Harrison’s Manual of Medicine 19th edition provides 600+ internal medicine topics in a rapid-access format. Download Harrison’s App to iPhone, iPad, and Android smartphone and tablet. Explore these free sample topics:
-- The first section of this topic is shown below --
Narcotics, or opiates, bind to specific opioid receptors in the CNS and elsewhere in the body. These receptors mediate the opiate effects of analgesia, euphoria, respiratory depression, and constipation. Endogenous opiate peptides (enkephalins and endorphins) are natural ligands for the opioid receptors and play a role in analgesia, memory, learning, reward, mood regulation, and stress tolerance.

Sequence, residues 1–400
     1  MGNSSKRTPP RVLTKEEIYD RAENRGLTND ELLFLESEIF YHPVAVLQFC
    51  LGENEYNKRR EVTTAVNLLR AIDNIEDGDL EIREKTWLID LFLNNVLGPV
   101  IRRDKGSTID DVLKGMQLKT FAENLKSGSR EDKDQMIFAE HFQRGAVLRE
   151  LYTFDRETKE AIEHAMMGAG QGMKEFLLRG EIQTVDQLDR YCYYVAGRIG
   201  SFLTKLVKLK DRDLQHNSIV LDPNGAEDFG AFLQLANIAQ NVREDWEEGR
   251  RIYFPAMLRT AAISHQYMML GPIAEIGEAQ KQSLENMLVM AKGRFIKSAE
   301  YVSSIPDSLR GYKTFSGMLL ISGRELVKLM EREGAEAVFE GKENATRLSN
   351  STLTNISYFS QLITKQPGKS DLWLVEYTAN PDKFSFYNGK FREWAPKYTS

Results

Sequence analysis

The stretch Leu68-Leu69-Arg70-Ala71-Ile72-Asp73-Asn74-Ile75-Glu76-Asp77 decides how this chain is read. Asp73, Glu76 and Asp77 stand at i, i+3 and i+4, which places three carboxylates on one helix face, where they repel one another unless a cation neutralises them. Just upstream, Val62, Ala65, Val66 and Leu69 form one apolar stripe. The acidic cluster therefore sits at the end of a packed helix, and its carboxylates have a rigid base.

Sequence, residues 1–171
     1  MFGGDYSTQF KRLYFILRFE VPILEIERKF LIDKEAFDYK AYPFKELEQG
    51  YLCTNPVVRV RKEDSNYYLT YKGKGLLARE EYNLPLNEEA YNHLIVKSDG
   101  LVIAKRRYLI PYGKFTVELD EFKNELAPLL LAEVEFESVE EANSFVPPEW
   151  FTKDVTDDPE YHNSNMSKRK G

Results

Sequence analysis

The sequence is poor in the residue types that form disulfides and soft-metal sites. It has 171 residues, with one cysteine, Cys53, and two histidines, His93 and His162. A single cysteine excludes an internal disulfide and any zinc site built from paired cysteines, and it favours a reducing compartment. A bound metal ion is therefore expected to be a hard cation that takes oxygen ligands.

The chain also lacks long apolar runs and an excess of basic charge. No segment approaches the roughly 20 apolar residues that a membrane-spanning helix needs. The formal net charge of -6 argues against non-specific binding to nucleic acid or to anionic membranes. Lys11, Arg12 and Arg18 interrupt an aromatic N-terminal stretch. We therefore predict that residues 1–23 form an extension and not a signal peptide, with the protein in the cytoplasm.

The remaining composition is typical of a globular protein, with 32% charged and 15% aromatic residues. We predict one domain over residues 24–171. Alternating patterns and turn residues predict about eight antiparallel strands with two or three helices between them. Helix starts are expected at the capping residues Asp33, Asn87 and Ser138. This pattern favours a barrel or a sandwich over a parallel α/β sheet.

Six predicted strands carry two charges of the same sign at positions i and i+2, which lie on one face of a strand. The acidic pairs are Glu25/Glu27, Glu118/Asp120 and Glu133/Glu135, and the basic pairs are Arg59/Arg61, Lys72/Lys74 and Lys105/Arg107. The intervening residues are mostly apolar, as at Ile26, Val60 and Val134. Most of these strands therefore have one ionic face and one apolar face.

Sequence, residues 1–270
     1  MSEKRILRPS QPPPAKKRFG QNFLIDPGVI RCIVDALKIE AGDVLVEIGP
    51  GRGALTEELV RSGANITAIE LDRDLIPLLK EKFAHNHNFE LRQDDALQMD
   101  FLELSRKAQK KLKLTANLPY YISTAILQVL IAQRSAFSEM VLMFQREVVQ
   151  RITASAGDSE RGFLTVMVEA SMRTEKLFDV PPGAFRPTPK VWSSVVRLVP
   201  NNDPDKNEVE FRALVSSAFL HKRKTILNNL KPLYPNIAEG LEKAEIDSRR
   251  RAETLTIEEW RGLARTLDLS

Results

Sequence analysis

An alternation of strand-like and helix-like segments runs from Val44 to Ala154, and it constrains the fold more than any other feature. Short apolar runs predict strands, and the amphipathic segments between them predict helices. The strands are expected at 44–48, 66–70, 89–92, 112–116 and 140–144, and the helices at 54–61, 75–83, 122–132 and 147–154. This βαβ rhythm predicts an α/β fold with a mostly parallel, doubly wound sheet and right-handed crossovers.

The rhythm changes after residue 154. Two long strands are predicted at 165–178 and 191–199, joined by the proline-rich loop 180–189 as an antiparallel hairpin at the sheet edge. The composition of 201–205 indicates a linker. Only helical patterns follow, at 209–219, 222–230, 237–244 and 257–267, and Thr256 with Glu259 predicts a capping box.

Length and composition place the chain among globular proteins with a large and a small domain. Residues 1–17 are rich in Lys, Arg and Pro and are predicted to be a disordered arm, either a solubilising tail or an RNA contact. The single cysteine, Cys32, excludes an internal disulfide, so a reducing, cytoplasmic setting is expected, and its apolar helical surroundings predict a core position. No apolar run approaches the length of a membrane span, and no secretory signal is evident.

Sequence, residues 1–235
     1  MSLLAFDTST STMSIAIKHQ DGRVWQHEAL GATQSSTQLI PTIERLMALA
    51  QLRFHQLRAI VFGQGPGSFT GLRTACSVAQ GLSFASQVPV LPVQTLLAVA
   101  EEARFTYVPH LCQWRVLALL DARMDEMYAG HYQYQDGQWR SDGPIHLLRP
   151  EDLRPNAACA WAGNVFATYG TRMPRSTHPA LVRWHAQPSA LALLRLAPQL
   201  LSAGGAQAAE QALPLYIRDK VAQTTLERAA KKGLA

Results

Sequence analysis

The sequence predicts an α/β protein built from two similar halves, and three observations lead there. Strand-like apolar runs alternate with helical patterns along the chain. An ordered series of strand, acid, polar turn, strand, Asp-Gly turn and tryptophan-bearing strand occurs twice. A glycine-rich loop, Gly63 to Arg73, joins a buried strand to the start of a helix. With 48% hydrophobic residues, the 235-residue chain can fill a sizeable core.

The prototypic opiates, morphine and codeine, are derived from the juice of the opium poppy. The semisynthetic drugs produced from morphine include hydromorphone (Dilaudid), diacetylmorphine (heroin), and oxycodone (OxyContin). The purely synthetic opioids and their cousins include meperidine, propoxyphene, diphenoxylate, fentanyl, buprenorphine, tramadol, methadone, and pentazocine. All produce analgesia and euphoria as well as physical dependence when taken in high enough doses for prolonged periods of time.